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Crypto Taxes

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5min read

As we approach the close of a record year in crypto history, we also need to start thinking about taxes.

TL;DR: Crypto has its own unique tax treatment. Depending on whether you are earning crypto as income, purchasing NFTs, or trading cryptocurrencies, there may be different tax implications. Filing taxes for crypto transactions can quickly get unruly to manage given the complex tax treatment and the ever-shifting regulatory landscape. Keeping detailed records of your crypto transactions can help ensure your taxes are optimized.

How will my crypto be taxed?

When it comes to taxes, BTC/ETH is treated as property. This means that every time you spend, trade, or exchange cryptocurrency, that creates a taxable event. How much taxes you have to pay on a cryptocurrency transaction is determined by three factors:

  1. Market value of the coin at the time of the transaction (Proceeds)
  2. How much you paid for the coin (The cost basis)
  3. The difference between (1) & (2). (Gain or loss)

Capital gains tax (0%, 15% or 20%) or ordinary income tax (10% - 37%) applies on any gains, depending on how long you’ve held the asset (longer than a year or less than a year, respectively). Capital losses can be deducted against capital gains and, if you are in a net loss position, deducted against other income up to $3,000.  Losses exceeding $3,000 will carry forward yearly until they are entirely depleted.

DISCLAIMER: As changing as the crypto industry itself is, the IRS hasn’t made sweeping changes. Every instance has to be examined by a tax professional. If you have questions about your crypto holdings and tax obligations, consult your Tax Advisor.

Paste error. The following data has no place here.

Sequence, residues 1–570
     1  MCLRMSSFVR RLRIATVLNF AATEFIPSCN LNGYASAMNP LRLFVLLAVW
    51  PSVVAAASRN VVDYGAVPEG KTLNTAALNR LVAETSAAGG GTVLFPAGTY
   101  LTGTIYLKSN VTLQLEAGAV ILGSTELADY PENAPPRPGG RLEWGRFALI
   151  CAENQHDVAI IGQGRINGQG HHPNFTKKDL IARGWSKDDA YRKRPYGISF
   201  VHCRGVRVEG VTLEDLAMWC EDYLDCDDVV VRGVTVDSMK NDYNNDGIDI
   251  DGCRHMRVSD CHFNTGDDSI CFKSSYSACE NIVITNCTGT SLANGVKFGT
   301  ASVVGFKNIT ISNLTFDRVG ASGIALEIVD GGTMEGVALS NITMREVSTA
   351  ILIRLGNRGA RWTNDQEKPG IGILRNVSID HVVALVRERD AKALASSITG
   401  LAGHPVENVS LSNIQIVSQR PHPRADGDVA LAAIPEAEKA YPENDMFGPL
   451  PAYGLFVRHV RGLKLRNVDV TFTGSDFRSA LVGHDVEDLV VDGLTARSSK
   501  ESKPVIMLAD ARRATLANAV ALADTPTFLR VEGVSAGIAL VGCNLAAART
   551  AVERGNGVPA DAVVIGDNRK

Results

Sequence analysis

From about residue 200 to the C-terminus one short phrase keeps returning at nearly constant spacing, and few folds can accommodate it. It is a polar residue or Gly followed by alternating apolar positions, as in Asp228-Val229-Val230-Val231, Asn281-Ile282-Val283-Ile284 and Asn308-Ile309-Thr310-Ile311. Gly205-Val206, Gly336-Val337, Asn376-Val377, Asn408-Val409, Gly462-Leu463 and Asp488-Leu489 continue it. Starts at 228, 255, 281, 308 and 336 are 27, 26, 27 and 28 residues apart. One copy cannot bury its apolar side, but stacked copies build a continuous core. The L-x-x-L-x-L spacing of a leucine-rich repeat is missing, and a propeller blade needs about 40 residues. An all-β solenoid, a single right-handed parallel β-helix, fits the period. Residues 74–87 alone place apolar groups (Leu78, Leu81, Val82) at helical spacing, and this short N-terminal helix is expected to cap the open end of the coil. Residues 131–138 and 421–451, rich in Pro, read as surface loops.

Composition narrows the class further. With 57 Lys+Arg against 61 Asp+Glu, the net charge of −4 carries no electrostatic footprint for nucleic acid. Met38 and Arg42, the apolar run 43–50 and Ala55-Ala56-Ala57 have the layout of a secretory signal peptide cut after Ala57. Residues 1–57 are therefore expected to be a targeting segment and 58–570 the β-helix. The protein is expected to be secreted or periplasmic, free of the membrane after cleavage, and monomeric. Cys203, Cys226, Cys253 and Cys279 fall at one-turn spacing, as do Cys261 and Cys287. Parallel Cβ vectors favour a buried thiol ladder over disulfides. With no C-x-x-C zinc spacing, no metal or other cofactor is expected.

How will I be taxed on crypto earned as income?

If you receive cryptocurrency as wages, it is treated as ordinary income and subject to taxes. For instance, if you work at Coinbase and you get part of your paycheck in BTC, that’s subject to the same medicare, SSN, state/local taxes.

If you’re consulting for crypto, you may have to sell some crypto to pay taxes or use cash on hand, since you will be subject to self-employment income tax. For self-employment income, the amount of income is equal to the FMV of crypto when you received it (average of the high and low value on the day you received the payment). You can also pull the actual blockchain and get the actual USD value when it was transferred.

If you are mining crypto, that’s counted as ordinary income. If you are using specific computers or machinery to mine, you could write that off as a business expense. Gas use can also be expensed or capitalized. Business expenses and fee treatment should be determined on a case-by-case basis, depending on your level of involvement in the activity.

Specific ID Rule

The IRS prefers that you use the “Specific ID” method to figure out the cost basis of each unit of crypto asset you are disposing of. Specific ID means that each time you are disposing of your crypto asset, you are specifically identifying exact units you are selling. In order to use this method, you must keep detailed records of ALL the following information:

  • the date and time each unit was acquired